The circadian system of Arabidopsis (Arabidopsis thaliana) includes feedback loops of gene regulation that generate 24-h oscillations. Components of these loops remain to be identified; none of the known components is completely understood, including ZEITLUPE (ZTL), a gene implicated in regulated protein degradation. ztl mutations affect both circadian and developmental responses to red light, possibly through ZTL interaction with PHYTOCHROME B (PHYB). We conducted a large-scale genetic screen that identified additional clock-affecting loci. Other mutants recovered include 11 new ztl alleles encompassing mutations in each of the ZTL protein domains. Each mutation lengthened the circadian period, even in dark-grown seedlings entrained to temperature cycles. A mutation of the LIGHT, OXYGEN, VOLTAGE (LOV)/Period-ARNT-Sim (PAS) domain was unique in retaining wild-type responses to red light both for the circadian period and for control of hypocotyl elongation. This uncoupling of ztl phenotypes indicates that interactions of ZTL protein with multiple factors must be disrupted to generate the full ztl mutant phenotype. Protein interaction assays showed that the ztl mutant phenotypes were not fully explained by impaired interactions with previously described partner proteins Arabidopsis S-phase kinase-related protein 1, TIMING OF CAB EXPRESSION 1, and PHYB. Interaction with PHYB was unaffected by mutation of any ZTL domain. Mutation of the kelch repeat domain affected protein binding at both the LOV/PAS and the F-box domains, indicating that interaction among ZTL domains leads to the strong phenotypes of kelch mutations. Forward genetics continues to provide insight regarding both known and newly discovered components of the circadian system, although current approaches have saturated mutations at some loci.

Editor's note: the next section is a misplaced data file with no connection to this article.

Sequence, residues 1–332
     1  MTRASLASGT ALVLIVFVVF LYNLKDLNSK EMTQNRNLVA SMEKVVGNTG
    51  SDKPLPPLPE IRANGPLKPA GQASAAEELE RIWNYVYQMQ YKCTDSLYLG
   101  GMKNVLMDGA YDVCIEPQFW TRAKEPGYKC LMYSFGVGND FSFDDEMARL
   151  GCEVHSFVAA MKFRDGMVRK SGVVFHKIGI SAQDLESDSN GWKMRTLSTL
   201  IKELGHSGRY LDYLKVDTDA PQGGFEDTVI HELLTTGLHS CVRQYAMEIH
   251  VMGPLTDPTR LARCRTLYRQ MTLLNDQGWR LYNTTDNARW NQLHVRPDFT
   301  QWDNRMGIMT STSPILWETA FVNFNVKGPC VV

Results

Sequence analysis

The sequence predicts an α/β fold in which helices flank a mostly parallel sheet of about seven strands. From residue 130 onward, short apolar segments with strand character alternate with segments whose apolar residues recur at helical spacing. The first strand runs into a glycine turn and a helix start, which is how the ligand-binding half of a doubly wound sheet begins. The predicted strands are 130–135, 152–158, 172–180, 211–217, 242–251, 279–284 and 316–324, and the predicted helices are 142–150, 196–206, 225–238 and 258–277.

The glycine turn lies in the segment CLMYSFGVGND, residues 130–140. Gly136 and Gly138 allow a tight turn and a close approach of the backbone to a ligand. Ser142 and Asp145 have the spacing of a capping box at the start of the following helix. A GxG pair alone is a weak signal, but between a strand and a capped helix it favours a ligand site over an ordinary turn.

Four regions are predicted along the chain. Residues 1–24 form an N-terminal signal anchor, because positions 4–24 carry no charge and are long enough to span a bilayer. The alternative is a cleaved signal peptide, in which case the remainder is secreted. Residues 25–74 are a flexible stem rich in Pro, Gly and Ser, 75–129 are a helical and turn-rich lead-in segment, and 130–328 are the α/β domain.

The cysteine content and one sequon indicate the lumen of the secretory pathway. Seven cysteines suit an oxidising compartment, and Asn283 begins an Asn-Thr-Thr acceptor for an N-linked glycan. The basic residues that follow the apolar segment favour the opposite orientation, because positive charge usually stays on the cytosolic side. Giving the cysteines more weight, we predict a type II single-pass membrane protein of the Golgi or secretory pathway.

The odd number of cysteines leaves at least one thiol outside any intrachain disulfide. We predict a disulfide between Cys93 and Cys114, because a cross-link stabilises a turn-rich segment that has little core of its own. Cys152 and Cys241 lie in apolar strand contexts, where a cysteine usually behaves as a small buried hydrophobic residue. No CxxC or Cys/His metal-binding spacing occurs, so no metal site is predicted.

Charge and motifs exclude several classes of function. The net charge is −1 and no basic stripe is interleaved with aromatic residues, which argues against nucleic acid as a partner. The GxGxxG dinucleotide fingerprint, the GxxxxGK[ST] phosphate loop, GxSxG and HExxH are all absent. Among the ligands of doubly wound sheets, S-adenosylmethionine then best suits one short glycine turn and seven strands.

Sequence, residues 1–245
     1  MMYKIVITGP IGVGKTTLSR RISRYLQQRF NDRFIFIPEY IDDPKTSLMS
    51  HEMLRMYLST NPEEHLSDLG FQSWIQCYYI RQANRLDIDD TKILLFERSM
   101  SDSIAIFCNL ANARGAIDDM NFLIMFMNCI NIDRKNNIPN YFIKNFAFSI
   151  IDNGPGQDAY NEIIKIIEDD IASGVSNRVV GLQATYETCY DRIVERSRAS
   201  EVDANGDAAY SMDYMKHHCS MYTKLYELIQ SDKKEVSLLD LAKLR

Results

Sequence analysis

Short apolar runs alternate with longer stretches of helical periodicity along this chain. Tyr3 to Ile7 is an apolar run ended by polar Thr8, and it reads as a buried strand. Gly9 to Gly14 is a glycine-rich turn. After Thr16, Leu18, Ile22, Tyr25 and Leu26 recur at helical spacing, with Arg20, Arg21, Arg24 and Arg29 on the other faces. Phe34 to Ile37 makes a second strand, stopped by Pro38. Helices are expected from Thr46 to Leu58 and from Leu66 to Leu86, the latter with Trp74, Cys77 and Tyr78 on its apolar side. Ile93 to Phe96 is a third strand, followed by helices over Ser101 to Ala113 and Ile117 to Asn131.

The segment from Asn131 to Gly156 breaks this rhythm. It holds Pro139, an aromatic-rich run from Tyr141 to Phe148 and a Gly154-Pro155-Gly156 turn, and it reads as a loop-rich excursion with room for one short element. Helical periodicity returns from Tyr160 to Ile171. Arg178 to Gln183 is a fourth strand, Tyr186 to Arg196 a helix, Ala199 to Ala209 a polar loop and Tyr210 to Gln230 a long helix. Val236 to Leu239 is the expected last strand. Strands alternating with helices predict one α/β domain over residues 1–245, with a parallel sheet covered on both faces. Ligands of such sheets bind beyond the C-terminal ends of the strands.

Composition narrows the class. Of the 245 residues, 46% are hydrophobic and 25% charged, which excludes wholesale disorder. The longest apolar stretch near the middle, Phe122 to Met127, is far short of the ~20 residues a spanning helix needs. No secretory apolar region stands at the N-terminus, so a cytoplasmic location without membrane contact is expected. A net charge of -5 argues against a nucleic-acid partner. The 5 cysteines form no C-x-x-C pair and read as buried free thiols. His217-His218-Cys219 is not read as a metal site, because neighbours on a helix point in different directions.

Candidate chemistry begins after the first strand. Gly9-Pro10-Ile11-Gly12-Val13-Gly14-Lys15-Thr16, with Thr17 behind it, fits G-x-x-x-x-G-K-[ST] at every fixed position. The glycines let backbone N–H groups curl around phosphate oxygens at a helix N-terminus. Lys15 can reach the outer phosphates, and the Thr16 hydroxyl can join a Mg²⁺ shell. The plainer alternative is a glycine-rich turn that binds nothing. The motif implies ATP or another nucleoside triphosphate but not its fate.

|Number of pages||13|
|Publication status||Published - 2006|